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# Turán–Kubilius inequality

The Turán–Kubilius inequality is a mathematical theorem in probabilistic number theory. It is useful for proving results about the normal order of an arithmetic function.[1]:305–308 The theorem was proved in a special case in 1934 by Pál Turán and generalized in 1956 and 1964 by Jonas Kubilius.[1]:316

Statement of the theorem

This formulation is from Tenenbaum.[1]:302 Other formulations are in Narkiewicz[2]:243 and in Cojocaru & Murty.[3]:45–46

Suppose f is an additive complex-valued arithmetic function, and write p for an arbitrary prime and ν for an arbitrary positive integer. Write

\( A(x)=\sum_{p^\nu \le x} f(p^\nu) p^{-\nu}(1-p^{-1}) \)

and

\( B(x)^2 = \sum_{p^\nu \le x} \left| f(p^\nu) \right| ^2 p^{-\nu}. \)

Then there is a function ε(x) that goes to zero when x goes to infinity, and such that for x ≥ 2 we have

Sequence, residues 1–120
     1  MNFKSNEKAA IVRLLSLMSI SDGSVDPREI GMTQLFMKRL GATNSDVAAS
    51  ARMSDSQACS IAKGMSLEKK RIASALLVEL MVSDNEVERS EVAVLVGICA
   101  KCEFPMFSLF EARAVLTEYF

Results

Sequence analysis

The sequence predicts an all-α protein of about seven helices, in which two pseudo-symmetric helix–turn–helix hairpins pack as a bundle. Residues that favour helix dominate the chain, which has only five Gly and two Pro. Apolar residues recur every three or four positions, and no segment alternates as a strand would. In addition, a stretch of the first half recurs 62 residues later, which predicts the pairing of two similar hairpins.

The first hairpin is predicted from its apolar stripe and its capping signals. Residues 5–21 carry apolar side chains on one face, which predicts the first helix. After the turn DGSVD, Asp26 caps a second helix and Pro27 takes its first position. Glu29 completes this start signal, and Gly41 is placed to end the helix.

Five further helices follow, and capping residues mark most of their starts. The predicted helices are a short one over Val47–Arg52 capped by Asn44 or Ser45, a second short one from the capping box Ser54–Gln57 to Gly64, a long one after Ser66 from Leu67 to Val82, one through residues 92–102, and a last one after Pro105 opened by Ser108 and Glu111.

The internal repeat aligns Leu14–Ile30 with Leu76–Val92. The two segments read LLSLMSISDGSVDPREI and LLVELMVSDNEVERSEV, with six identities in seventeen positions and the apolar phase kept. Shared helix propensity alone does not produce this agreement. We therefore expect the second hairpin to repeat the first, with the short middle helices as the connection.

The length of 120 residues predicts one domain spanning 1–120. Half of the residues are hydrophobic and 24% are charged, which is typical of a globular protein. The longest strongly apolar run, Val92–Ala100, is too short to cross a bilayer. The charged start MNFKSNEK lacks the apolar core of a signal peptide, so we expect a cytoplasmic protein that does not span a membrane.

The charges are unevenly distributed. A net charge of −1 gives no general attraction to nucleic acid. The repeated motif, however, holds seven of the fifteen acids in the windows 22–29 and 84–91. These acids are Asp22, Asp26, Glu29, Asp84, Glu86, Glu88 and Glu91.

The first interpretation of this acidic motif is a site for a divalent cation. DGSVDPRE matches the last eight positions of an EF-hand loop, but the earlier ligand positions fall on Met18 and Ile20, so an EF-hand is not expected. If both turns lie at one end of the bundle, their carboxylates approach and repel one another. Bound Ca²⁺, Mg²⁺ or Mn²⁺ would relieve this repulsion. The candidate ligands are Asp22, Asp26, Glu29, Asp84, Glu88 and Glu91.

\( \frac{1}{x} \sum_{n \le x} |f(n) - A(x)|^2 \le (2 + \varepsilon(x)) B(x)^2. \)

Applications of the theorem

Turán developed the inequality to create a simpler proof of the Hardy–Ramanujan theorem about the normal order of the number ω(n) of distinct prime divisors of an integer n.[1]:316 There is an exposition of Turán's proof in Hardy & Wright, §22.11.[4] Tenenbaum[1]:305–308 gives a proof of the Hardy–Ramanujan theorem using the Turán–Kubilus inequality and states without proof several other applications.

Notes

Tenenbaum, Gérald (1995). Introduction to Analytic and Probabilistic Number Theory. Cambridge studies in advanced mathematics 46. Cambridge University Press. ISBN 0-521-41261-7.

Narkiewicz, Władysław (1983). Number Theory. Singapore: World Scientific. ISBN 978-9971-950-13-2.

Cojocaru, Alina Carmen; Murty, M. Ram (2005). An Introduction to Sieve Methods and Their Applications. London Mathematical Society Student Texts 66. Cambridge University Press. ISBN 0-521-61275-6.

Hardy, G. H.; Wright, E. M. (2008) [First edition 1938]. An Introduction to the Theory of Numbers. Revised by D. R. Heath-Brown and Joseph H. Silverman (Sixth ed.). Oxford, Oxfordshire: Oxford University Press. ISBN 978-0-19-921986-5.

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